It means £1 is currently worth €1.147 or $1.288.
Neil Jones, head of hedge-fund sales at Mizuho Bank in London told Bloomberg: “I know the government line is that they don’t see a need to differentiate between hard and soft Brexit, but the market certainly does.”
The prime minister has announced she will start Brexit “no later than the end of March”.
She told delegates at the Tory conference yesterday that she plans to curb immigration, “stoking speculation the nation is headed toward a so-called hard Brexit – with limited access to the EU’s single market” according to Bloomberg.
The graph above shows the fall against the dollar today, which is approaching the devastating 31-year-low.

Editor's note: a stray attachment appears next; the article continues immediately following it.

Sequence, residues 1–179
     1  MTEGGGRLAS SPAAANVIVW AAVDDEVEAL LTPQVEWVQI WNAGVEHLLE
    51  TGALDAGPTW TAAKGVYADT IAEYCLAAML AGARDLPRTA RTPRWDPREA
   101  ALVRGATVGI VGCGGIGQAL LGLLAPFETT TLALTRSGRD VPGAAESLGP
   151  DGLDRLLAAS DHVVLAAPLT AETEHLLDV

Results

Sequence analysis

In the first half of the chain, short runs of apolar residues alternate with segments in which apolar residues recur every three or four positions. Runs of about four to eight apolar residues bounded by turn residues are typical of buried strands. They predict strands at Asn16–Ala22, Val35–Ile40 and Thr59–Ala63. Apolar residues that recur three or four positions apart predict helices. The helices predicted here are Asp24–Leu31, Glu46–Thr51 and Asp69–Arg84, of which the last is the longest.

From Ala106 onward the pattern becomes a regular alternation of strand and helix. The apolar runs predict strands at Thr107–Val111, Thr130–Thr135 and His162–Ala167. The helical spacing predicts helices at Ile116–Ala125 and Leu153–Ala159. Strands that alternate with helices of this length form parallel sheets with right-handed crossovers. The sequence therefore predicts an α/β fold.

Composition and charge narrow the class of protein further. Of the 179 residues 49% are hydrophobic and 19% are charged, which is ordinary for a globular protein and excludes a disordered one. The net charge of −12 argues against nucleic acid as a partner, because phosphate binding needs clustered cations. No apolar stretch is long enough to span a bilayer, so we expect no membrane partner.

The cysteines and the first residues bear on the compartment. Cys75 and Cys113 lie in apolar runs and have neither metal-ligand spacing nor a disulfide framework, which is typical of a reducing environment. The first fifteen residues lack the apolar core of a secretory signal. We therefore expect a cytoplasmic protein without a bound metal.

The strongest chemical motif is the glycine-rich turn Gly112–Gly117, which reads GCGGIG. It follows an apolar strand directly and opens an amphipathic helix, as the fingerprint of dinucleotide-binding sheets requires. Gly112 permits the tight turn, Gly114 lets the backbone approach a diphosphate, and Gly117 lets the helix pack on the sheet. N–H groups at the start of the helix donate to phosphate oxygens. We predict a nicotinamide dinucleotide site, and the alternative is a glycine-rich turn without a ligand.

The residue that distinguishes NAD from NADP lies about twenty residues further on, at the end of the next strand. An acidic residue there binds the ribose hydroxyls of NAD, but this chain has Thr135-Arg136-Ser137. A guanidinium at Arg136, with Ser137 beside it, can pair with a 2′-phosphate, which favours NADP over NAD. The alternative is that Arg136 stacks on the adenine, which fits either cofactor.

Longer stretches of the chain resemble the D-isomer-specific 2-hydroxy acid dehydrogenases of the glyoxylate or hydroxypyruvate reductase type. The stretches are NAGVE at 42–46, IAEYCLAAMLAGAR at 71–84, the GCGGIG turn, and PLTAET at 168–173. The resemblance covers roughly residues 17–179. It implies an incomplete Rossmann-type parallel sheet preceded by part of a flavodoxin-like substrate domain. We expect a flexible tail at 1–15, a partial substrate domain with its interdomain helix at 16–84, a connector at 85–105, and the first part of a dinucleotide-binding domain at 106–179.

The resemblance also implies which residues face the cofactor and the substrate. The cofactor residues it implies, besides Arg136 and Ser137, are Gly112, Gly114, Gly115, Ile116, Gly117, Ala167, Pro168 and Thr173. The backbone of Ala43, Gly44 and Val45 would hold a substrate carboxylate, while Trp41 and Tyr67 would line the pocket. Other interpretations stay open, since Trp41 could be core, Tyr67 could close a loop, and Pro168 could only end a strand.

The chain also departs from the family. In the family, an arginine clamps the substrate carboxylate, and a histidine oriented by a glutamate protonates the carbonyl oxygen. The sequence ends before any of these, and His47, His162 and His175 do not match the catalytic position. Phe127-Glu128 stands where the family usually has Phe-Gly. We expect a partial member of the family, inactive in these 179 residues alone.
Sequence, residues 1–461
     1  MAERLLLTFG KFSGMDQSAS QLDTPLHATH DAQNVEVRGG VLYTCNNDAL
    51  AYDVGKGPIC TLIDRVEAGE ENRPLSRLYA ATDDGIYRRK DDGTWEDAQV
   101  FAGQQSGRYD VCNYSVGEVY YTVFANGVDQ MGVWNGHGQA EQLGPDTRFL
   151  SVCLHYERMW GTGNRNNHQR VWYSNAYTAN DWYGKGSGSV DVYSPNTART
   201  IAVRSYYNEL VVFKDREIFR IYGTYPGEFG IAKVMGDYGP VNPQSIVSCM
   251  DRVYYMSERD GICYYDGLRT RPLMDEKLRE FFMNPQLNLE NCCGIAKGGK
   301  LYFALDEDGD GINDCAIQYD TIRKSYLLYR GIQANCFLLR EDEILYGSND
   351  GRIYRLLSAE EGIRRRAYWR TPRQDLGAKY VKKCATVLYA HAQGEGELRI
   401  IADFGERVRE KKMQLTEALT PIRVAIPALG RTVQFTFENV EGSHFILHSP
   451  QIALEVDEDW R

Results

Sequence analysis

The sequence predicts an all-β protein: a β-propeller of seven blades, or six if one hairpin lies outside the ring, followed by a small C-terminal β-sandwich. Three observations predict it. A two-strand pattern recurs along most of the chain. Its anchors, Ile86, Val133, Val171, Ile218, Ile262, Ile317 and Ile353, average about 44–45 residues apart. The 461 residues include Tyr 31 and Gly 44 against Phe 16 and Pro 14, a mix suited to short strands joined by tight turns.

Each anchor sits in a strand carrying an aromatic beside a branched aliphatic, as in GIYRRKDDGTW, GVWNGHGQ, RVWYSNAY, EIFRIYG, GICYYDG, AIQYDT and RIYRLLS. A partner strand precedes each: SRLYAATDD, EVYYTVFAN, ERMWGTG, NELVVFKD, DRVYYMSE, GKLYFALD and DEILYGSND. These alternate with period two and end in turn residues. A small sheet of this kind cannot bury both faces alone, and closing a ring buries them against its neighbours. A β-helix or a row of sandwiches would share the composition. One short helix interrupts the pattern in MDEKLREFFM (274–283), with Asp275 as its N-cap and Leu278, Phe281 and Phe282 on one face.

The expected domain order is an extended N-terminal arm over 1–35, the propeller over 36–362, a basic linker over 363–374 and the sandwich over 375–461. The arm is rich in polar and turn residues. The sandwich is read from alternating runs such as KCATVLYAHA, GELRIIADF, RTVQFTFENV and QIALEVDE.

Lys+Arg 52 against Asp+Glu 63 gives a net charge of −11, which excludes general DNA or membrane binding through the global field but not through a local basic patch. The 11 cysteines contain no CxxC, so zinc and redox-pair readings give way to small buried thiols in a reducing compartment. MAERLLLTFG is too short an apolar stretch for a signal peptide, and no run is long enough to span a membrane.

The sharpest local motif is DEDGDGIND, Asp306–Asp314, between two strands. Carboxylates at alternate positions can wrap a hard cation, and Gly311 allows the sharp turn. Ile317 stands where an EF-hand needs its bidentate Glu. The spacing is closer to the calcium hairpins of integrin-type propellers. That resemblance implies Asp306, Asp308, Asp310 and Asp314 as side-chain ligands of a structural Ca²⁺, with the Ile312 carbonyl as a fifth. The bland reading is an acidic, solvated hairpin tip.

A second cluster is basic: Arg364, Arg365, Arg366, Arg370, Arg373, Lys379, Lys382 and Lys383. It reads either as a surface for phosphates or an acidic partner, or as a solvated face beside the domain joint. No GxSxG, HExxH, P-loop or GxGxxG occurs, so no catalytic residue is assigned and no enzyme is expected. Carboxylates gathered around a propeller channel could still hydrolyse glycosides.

The fall suggests that the foreign exchange market “was thinking Brexit would never happen” according to one analyst.
“Despite the fact that there was a referendum, that there was a small majority in favor of leaving, that the prime minister had already said she’d trigger Article 50 at some point in the early part of next year ― the moves may imply that the FX market was thinking this would never happen,” Stuart Bennett of Banco Santander SA told Bloomberg.
“All that uncertainty of when the UK leaves, what its place will be, is just pushed to the forefront again,” he said.
Article source: http://www.huffingtonpost.co.uk/2016/10/03/pound-to-euro-exchange-rate_n_12308228.html?utm_hp_ref=uk-politics&ir=UK+Politics